Believe it or not..... Jill signed us up so we can throw some money away on Combat Controller and we busted our cherry making our 1st wager on the horses and not the last, see left.  Combat Controller KICKED BUTT and we're happy to show our support.

We made our 1st foray into Horse Racing and INSIDER MIKE with COMBAT CONTROLLER will put us in
Best showing yet, and although my 1st wager didn't pay off......... Jill wager's we'll WIN NEXT RACE!

The horse is "almost there."  In the video, note how he isn't "headstrong" and fighting the jockey to be up with the leaders---nor no longer falling impossibly far behind the pack, as he did in his first 2 races.   He's now "rating" (comfortably settling into stride) beautifully down the backstretch and then, when the jockey gives the cue to kick-it-in for all he's worth, he attacked the leaders on the turn and wasn't satisfied until he made the lead.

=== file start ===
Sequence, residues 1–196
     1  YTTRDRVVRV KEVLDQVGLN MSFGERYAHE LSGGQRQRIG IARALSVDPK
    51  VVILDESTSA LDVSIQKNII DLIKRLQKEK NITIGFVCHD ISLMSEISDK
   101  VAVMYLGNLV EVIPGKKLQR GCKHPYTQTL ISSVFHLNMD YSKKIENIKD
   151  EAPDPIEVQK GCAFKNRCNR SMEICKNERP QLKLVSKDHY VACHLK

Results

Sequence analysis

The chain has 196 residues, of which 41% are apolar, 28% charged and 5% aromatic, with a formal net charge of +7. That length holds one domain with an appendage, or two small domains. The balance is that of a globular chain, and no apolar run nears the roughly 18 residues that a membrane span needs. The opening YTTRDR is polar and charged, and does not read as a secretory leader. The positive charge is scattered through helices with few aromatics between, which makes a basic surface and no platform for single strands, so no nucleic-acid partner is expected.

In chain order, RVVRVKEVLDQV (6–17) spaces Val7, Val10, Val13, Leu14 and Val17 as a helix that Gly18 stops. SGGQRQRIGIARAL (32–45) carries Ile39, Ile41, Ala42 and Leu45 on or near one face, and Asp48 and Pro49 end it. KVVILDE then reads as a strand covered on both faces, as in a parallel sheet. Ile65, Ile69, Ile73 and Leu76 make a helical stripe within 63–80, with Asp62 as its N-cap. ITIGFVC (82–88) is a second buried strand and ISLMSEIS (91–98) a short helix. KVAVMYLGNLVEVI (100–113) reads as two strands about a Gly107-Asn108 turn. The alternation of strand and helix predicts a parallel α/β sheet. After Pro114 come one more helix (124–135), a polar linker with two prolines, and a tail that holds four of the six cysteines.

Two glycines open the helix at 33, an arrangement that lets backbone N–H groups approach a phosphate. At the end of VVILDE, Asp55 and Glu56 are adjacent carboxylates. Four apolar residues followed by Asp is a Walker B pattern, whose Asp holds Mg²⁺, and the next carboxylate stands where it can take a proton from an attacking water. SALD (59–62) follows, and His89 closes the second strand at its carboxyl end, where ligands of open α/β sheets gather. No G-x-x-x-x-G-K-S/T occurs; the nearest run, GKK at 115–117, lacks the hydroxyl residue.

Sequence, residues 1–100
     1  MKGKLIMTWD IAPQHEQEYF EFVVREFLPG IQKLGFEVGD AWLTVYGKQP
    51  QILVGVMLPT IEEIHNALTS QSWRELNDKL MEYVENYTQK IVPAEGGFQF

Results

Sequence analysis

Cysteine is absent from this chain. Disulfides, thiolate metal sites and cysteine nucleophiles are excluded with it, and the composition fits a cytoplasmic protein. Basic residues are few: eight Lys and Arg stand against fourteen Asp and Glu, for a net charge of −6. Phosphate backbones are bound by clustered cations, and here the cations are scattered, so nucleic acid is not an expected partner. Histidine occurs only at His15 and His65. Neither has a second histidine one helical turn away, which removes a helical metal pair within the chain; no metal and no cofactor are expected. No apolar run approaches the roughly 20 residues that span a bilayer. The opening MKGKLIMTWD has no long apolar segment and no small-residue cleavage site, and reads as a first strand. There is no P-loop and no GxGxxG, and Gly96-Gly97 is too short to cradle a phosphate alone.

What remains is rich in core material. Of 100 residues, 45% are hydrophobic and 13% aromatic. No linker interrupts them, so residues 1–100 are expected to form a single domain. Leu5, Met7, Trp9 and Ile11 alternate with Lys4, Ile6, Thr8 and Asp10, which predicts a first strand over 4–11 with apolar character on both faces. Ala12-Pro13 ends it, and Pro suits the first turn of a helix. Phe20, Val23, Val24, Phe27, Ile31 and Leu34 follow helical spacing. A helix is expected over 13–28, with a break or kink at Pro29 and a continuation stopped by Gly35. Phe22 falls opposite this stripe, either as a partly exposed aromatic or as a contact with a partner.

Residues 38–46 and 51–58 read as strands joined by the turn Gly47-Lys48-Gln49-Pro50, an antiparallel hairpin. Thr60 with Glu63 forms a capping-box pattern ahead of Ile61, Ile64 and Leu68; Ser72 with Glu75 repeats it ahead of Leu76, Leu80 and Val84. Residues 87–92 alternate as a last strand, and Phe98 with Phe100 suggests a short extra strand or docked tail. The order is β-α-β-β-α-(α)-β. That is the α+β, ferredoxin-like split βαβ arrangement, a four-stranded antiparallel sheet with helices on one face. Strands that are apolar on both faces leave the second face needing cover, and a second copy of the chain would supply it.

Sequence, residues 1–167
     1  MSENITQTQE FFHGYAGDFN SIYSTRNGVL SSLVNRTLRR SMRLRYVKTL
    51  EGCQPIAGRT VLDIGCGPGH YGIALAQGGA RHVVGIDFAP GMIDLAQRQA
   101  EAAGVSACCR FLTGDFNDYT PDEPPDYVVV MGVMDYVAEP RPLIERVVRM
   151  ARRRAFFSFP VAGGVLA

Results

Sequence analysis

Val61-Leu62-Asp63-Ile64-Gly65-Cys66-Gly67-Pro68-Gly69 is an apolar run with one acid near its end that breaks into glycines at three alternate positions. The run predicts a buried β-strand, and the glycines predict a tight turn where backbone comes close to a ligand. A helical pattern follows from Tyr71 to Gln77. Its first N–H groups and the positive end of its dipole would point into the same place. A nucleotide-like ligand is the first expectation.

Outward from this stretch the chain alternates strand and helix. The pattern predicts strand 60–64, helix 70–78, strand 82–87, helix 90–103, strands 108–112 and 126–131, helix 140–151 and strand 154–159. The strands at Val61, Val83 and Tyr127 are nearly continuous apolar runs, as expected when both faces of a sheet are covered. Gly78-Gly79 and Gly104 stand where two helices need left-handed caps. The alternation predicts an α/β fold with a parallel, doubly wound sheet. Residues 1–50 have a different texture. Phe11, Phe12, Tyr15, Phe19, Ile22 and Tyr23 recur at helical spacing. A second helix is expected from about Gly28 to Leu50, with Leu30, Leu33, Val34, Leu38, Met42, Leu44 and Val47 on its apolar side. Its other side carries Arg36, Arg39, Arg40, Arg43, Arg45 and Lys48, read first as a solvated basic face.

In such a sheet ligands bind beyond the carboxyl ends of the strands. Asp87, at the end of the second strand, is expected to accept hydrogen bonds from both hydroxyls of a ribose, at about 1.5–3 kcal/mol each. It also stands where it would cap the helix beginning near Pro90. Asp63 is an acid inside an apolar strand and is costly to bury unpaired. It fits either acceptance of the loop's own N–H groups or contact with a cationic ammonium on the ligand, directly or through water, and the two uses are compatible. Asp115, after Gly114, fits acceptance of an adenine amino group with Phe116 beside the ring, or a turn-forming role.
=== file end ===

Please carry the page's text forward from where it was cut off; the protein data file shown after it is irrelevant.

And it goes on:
At that point, the race was his to lose, and he was simply run down by a little better horse on this date.  No shame there.  Fair Grounds Race Course has the longest stretch in horse racing and it's extremely difficult to lead the whole way there.  The stretch at Churchill Downs is known for being the longest due to hosting the Kentucky Derby, but Fair Grounds is actually 40 yards longer....and considerably longer than most other American racetracks.

Combat Controller is still very much a work in progress, but inside of 4 months, trainer Kenny McPeek and his team have done a phenomenal job with this horse.  After the debacle of his first race, I thought he might be pulling a plow by springtime..aye yi yi!   (What'd he get beaten, 25 lengths that night..?)  

Race 8 at Fair Grounds on

  • MSW
  • 1 mile 70 Yards
  • $41,000
  • 3 yo
  • Dirt
  • 4:50 PM
  • 1:42.34
  • Watch Video